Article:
Best practices for SQL Server in a SharePoint Server farm
Summary: Learn how to implement best practices for SQL Server in a SharePoint Server 2016 and SharePoint Server 2013 farm.
When you configure and maintain SharePoint Server 2016 relational databases on SQL Server 2014 with Service Pack 1 (SP1) or SQL Server 2016, you have to choose options that promote performance and security. Likewise, you have to choose options that promote performance and security when you configure and maintain SharePoint Server 2013 relational databases on SQL Server 2008 R2 with Service Pack 1 (SP1), SQL Server 2012, and SQL Server 2014.
The best practices in this article are ordered based on the sequence in which they would apply, from installing and configuring SQL Server, to deploying SharePoint Server, and then maintaining the farm. Most of the practices apply to all versions of SQL Server. Practices that are unique to SQL Server versions are shown in separate sections.
If you plan to use SQL Server Business Intelligence components in a SharePoint Server 2016 farm you must use SQL Server 2016 CTP 3.1 or later. You can now download SQL Server 2016 CTP 3.1 or later to use the SQL Server Power Pivot for SharePoint add-in. You can also use Power View by installing SQL Server Reporting Services (SSRS) in SharePoint-integrated mode and the SSRS front-end add-in from the SQL Server installation media.
For more information, download the new Deploying SQL Server 2016 PowerPivot and Power View in SharePoint 2016 white paper. For details about configuring and deploying business intelligence in a multiple server SharePoint Server 2016 farm, download Deploying SQL Server 2016 PowerPivot and Power View in a Multi-Tier SharePoint 2016 Farm.
If you plan to use SQL Server Business Intelligence components in a SharePoint Server 2013 farm you must use SQL Server 2012 with Service Pack 1 (SP1) or SQL Server 2014. For information about SQL Server 2012 with SP1 BI and SharePoint Server 2013, see Install SQL Server BI Features with SharePoint 2013 (SQL Server 2012 SP1). For more information about SQL Server 2014 and SharePoint Server 2013, see Install SQL Server 2014 Business Intelligence Features.
Best practices in this article apply to the Relational Database Management System (RDBMS) of SQL Server with SharePoint Server.
Use a dedicated server for SQL Server
To ensure optimal performance for farm operations, we recommend that you install SQL Server on a dedicated server that does not run other farm roles and does not host databases for other applications. The only exception is deployment of SharePoint Server 2016 in a Single-Server farm role or SharePoint 2013 on a stand-alone server, which is meant for development or testing, and is not recommended for production use. For more information, see Description of MinRole and associated services in SharePoint Server 2016 and Install SharePoint Server 2016 on one server.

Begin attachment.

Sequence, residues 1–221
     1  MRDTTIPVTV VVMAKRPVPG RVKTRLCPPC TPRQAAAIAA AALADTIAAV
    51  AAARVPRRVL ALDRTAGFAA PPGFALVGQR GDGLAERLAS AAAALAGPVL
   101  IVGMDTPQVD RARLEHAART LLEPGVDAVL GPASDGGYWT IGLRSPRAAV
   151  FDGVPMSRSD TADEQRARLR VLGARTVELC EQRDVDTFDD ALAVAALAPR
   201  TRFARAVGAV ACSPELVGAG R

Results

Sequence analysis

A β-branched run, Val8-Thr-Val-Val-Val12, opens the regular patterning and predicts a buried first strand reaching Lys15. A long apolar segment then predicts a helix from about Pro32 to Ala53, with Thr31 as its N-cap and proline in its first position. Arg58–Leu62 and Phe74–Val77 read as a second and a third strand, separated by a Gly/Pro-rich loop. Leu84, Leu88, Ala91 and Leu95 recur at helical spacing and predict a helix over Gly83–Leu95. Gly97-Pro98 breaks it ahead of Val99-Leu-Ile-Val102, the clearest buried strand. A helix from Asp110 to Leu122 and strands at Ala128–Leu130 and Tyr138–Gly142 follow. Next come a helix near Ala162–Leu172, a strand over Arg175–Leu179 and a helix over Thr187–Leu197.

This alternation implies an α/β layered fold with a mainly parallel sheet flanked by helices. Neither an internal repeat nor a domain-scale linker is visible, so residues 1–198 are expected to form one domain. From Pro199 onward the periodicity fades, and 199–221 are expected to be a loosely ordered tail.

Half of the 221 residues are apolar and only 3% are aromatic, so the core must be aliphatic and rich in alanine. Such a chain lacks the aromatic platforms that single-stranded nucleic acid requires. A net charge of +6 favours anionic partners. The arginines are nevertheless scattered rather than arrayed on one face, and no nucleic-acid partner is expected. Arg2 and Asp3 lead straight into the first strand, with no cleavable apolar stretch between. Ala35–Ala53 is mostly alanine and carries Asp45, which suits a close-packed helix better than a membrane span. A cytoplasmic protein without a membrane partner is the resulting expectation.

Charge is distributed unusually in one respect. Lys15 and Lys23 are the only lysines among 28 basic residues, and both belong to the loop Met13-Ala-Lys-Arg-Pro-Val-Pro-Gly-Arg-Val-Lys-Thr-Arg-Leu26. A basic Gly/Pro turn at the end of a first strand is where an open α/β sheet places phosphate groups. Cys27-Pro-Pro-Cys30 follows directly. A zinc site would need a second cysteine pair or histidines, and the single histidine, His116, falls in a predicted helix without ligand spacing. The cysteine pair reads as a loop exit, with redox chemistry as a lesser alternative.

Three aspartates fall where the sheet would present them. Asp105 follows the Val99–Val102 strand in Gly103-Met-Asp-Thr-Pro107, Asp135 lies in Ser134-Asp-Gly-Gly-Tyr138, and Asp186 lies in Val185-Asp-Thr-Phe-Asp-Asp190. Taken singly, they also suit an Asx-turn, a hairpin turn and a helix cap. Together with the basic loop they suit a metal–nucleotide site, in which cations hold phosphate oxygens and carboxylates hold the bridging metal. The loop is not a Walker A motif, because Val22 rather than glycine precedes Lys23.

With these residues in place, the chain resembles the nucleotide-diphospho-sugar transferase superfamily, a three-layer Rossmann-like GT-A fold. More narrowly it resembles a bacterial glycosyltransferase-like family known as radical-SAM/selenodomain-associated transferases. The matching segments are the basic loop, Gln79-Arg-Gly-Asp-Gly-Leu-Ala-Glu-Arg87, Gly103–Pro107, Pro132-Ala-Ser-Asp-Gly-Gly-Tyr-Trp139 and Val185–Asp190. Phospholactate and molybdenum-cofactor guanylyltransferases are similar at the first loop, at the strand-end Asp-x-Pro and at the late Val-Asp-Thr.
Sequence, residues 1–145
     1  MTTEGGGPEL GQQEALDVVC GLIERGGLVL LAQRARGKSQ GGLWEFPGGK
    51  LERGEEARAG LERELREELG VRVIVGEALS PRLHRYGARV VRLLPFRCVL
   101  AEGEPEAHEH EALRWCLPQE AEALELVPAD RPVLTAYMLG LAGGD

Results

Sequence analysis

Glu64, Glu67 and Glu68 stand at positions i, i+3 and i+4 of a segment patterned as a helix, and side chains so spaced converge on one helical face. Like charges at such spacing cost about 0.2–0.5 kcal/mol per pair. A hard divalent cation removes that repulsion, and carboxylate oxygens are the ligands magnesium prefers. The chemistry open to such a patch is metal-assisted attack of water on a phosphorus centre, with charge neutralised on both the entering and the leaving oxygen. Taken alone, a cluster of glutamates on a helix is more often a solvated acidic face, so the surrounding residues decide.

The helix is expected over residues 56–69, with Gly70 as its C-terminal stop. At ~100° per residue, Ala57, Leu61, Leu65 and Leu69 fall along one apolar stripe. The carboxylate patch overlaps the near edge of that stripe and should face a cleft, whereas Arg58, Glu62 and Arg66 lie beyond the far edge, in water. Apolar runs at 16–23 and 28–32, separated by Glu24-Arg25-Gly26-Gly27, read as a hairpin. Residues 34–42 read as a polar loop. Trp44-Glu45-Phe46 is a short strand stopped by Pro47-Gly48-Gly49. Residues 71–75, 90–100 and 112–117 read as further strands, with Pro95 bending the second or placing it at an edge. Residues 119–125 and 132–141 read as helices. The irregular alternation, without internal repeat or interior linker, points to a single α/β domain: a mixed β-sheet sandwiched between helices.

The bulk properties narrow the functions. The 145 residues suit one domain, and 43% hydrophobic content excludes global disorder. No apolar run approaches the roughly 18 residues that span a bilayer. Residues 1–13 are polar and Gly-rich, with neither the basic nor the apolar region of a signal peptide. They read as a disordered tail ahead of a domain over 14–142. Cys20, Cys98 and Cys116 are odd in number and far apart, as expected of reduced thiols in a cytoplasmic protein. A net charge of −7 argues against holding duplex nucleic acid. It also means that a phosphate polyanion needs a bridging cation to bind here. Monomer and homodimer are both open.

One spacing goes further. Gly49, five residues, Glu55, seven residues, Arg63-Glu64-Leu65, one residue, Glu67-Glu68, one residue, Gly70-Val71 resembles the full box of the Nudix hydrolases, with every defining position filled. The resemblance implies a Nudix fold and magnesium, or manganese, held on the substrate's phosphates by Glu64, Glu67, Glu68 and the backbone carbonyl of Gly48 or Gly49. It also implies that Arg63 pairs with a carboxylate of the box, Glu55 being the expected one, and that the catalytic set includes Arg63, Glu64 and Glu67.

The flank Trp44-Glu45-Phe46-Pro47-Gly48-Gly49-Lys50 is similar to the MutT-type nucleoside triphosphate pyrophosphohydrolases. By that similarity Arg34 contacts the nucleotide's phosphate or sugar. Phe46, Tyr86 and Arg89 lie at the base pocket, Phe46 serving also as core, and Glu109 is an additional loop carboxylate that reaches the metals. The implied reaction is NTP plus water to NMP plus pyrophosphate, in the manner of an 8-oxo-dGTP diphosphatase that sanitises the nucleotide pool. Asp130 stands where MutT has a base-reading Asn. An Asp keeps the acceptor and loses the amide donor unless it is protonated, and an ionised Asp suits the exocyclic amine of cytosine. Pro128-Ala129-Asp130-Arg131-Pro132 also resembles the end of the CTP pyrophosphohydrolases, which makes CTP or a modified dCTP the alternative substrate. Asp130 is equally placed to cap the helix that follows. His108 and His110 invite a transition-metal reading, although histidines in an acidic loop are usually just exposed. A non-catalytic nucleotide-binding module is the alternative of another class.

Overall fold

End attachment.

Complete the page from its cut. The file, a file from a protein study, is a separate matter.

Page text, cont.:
The recommendation to use a dedicated server for relational databases also applies to deploying SQL Server in virtual environments.
Configure specific SQL Server settings before you deploy SharePoint Server
To ensure consistent behavior and performance, configure the following options and settings before you deploy SharePoint Server.
Do not enable auto-create statistics on SharePoint content databases. Enabling auto-create statistics is not supported for SharePoint Server. SharePoint Server configures the required settings during provisioning and upgrade. Manually enabling auto-create statistics on a SharePoint database can significantly change the execution plan of a query. The SharePoint databases either use a stored procedure that maintains the statistics (proc_UpdateStatistics) or rely on SQL Server to do this.
Set max degree of parallelism (MAXDOP) to 1 for instances of SQL Server that host SharePoint databases to make sure that a single SQL Server process serves each request.
Setting the max degree of parallelism to any other number can cause a less optimal query plan to be used that will decrease SharePoint Server performance.
To help simplify maintenance, such as to make it easier to move databases to another server, create DNS aliases that point to the IP address for all instances of SQL Server. For more information about DNS or Hostname aliases, see How to Add a Hostname Alias for a SQL Server Instance.
For more information about these SQL Server settings and options, see Set SQL Server options.
Harden the database server before you deploy SharePoint Server
We recommend that you plan for, and harden the database server before you deploy SharePoint Server. For more information, see:
Configure database servers for performance and availability
As is the case with front-end servers and application servers, the configuration for database servers affects how well SharePoint Server performs. Some databases have to be on the same server as other databases. Conversely, some databases cannot be on the same server as other databases. For more information, see Description of MinRole and associated services in SharePoint Server 2016 and Storage and SQL Server capacity planning and configuration (SharePoint Server).
For guidance about highly available databases that use mirroring, see Database Mirroring (SQL Server).
SQL Server Failover Clustering and Always On Availability Groups
SQL Server 2012 introduced the AlwaysOn Availability Groups feature. This feature is a high availability and disaster recovery solution that's an alternative to database mirroring and log shipping solutions. AlwaysOn Availability Groups now support up to nine availability replicas.
Database mirroring will be deprecated in future versions of SQL Server. We recommend using Always On Availability Groups.
AlwaysOn Availability Groups require a Windows Server Failover Clustering (WSFC) cluster. A WSFC resource group is created for every availability group that is created. For more information, see the following resources:
Design storage for optimal throughput and manageability